May 29, 2024

New Study Finds Immune Response, Not Viral Infections, Causes Neurological Damage

In a groundbreaking discovery, researchers from McMaster University have found that it is not acute viral infections like Zika or COVID-19 that directly cause neurological damage, but rather the immune system’s response. The study, led by Ph.D. student Elizabeth Balint and Professor Ali Ashkar, offers a new understanding of the relationship between viral infections and neurological diseases.

The research, published in Nature Communications on February 5, 2024, aimed to investigate why viral infections are often associated with neurological damage. Balint explains, “Our evidence suggests that it’s not the virus itself that causes the damage, but a unique population of T cells, which are part of the immune system, that are actually responsible for the damage.”

The focus of the study was on the Zika virus. During laboratory testing, the researchers observed T cells that were specific to Zika and designed to eliminate infected cells. However, they also discovered a different type of T cell that was functioning abnormally and killing non-infected cells.

These atypical T cells, known as NKG2D+CD8+ T cells, were found to be responsible for neurological damage not only in Zika infections but also in other viral infections like COVID-19 and septic shock.

The researchers attribute the aggressive response of these cells to the production of excessive inflammatory proteins called cytokines. While cytokines serve a crucial role in coordinating the body’s immune response, excessive production can lead to non-specific activation of immune cells and result in collateral damage, particularly in the brain.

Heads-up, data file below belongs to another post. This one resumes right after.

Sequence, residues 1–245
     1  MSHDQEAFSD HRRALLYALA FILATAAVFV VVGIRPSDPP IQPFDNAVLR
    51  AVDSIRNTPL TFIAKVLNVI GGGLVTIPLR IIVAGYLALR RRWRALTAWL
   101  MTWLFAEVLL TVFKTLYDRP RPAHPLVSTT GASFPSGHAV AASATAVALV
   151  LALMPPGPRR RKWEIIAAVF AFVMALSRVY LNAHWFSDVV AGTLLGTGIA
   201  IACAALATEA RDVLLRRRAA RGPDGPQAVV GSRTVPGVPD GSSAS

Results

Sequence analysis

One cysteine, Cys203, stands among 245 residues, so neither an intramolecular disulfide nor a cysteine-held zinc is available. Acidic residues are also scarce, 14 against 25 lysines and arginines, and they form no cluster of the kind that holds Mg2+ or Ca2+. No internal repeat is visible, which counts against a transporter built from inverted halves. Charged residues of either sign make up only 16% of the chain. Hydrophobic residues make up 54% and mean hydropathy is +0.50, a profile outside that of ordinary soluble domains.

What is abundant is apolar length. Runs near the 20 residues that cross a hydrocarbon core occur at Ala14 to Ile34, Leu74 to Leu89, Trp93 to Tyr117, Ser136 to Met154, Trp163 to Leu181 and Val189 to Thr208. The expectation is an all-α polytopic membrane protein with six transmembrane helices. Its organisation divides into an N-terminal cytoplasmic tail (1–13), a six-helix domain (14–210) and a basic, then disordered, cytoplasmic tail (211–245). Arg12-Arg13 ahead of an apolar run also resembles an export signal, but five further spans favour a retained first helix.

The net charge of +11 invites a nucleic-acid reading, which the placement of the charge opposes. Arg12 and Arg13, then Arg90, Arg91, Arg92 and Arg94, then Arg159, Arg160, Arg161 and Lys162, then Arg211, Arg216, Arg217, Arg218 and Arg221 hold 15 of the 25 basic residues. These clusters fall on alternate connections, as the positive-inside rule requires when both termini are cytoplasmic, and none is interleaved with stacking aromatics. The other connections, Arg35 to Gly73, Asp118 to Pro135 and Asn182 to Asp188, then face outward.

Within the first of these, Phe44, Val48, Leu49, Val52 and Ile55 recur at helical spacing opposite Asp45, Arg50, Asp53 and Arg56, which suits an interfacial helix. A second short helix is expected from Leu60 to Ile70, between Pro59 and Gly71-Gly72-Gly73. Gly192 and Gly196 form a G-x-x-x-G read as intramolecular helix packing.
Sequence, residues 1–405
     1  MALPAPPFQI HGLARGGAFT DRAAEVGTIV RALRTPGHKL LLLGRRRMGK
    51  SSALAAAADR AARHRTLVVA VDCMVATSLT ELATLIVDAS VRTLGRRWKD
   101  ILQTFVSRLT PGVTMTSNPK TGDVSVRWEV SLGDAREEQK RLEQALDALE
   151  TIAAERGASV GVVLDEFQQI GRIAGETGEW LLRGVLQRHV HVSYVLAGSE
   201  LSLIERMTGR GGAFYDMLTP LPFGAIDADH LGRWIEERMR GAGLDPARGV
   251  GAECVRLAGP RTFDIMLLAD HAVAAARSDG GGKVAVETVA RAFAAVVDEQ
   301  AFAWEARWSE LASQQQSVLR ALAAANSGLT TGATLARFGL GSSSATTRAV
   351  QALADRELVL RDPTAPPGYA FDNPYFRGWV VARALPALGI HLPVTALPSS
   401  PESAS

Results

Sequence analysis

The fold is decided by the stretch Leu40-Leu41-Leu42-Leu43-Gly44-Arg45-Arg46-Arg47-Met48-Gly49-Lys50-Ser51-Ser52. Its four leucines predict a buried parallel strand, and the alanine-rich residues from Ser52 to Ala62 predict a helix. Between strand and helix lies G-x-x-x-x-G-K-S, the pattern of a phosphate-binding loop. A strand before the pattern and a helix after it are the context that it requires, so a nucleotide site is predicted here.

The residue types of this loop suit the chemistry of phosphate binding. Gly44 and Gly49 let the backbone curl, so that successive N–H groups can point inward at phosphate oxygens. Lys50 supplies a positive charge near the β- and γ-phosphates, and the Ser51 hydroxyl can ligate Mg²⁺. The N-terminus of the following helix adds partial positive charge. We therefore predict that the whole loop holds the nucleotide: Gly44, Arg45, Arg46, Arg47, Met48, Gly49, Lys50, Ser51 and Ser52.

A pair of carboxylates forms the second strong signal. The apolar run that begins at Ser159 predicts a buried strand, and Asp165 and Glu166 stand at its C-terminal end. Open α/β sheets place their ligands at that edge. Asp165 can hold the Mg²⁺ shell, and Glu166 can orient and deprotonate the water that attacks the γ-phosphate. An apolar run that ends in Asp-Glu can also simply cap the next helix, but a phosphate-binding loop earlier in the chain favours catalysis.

This groundbreaking discovery provides a new target for the treatment of neurological diseases caused by acute viral infections. Balint has already made progress in this regard, as she has identified an antibody that shows promise in treating neurotoxicity in animal models. This antibody is currently undergoing clinical trials for other medical purposes, raising hope for potential therapeutic applications.

Balint emphasizes the importance of further research in order to develop effective treatment options. “There are a few different other viruses we’re interested in studying, which will aid us in creating the best treatment options,” she says.

Overall, this study challenges the long-established notion that acute viral infections directly cause neurological damage. Instead, it highlights the crucial role of the immune system and offers new possibilities for targeted treatments and interventions in the field of neurology.

1. Source: Coherent Market Insights, Public sources, Desk research
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